Most divorces consist of several moving parts. Couples may have to deal with property division, child custody, child support, and spousal support. It’s the ‘money’ part of divorce that trips some people up. How much money does one spouse have to give the other for child support? Will one spouse have to pay spousal support to the other and, if so, how much? There’s one document produced during the divorce process that helps couples and their divorce lawyers work out those details: financial disclosures.
What Are Financial Disclosures?
Generally, each party to the divorce must serve disclosure forms and copies of financial-related materials on the other party. California Family Code Section 2109 requires the “…full and accurate disclosure of all assets and liabilities in which one or both parties have or may have an interest…”
Full and complete financial disclosures aid in property division, child support awards, and spousal support awards.
When Are They Filed?
You don’t file the actual preliminary financial disclosures with the court. Instead, you serve both the preliminary and final declaration of disclosure only to the other party in most cases. After serving the Declaration of Disclosure, you then file a Declaration Regarding Service of Declaration of Disclosure with the court stating that you served the declaration..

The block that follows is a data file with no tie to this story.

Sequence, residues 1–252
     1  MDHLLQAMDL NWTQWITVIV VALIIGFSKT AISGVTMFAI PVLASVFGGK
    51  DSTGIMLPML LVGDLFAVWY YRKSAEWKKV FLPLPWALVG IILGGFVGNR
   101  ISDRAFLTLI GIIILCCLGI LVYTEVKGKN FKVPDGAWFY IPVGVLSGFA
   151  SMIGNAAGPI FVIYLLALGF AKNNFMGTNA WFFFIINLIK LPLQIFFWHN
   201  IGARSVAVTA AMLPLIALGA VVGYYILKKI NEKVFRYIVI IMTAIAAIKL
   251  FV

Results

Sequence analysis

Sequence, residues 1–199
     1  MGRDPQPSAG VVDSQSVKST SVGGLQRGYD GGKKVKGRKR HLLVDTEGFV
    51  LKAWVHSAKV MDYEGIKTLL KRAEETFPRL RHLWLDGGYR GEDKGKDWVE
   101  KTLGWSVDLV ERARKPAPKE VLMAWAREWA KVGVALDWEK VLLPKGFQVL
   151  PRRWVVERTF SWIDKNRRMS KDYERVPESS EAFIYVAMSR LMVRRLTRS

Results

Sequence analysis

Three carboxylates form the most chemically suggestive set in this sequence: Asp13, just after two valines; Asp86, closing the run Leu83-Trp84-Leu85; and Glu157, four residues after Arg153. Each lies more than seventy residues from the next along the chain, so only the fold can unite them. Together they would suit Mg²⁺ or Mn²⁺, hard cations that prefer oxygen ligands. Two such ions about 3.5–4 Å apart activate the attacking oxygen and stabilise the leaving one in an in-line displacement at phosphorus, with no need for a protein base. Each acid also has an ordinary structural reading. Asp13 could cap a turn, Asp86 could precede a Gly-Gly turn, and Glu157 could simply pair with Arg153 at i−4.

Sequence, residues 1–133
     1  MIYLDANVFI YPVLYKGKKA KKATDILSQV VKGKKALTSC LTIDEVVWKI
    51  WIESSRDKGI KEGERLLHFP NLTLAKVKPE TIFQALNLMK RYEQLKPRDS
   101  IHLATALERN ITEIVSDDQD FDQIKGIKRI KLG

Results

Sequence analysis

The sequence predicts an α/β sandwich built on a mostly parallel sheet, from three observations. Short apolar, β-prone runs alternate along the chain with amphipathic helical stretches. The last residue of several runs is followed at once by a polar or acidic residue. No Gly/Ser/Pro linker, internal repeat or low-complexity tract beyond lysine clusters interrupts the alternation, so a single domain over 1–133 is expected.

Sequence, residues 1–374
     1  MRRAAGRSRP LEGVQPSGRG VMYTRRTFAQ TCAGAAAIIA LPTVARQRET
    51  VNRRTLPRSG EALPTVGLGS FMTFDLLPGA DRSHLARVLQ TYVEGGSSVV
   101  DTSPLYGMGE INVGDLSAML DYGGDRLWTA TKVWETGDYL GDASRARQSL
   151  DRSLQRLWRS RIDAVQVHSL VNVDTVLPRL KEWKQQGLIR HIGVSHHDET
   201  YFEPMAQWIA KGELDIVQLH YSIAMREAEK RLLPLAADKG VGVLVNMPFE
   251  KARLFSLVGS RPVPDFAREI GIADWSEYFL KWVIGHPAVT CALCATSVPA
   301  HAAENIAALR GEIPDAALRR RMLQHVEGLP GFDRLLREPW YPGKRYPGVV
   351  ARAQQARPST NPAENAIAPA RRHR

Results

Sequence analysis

The petitioner – the person filing for divorce — may serve the preliminary declaration of disclosure with the divorce petition. If not served then, the petition must file disclosures on the other party within 60 days of filing the divorce.
Respondents have 30 days to file a response to the divorce petition. He or she may serve disclosures on the petitioner at that time or within 60 days of filing a response.
What Information Should Be Included in Financial Disclosures?
There are only six questions on the Declaration of Disclosure. However, in addition to the declaration, you will also attach and serve:
- Schedule of Assets and Debts (Form FL-142) or a Property Declaration (form FL-160) for Community and Quasi-Community Property or Separate Property
- Income and Expense Declaration (Form FL-150)
- Tax returns filed by the party in the previous two years
- Statements regarding assets and debts that are both separate and community property and debts.
- Information regarding certain income-producing opportunities
It is imperative that you correctly prepare and serve the disclosures. If not, there is a possibility that your final Judgment is set aside. It’s best to have a divorce lawyer assist with filing for divorce and completing the financial disclosures.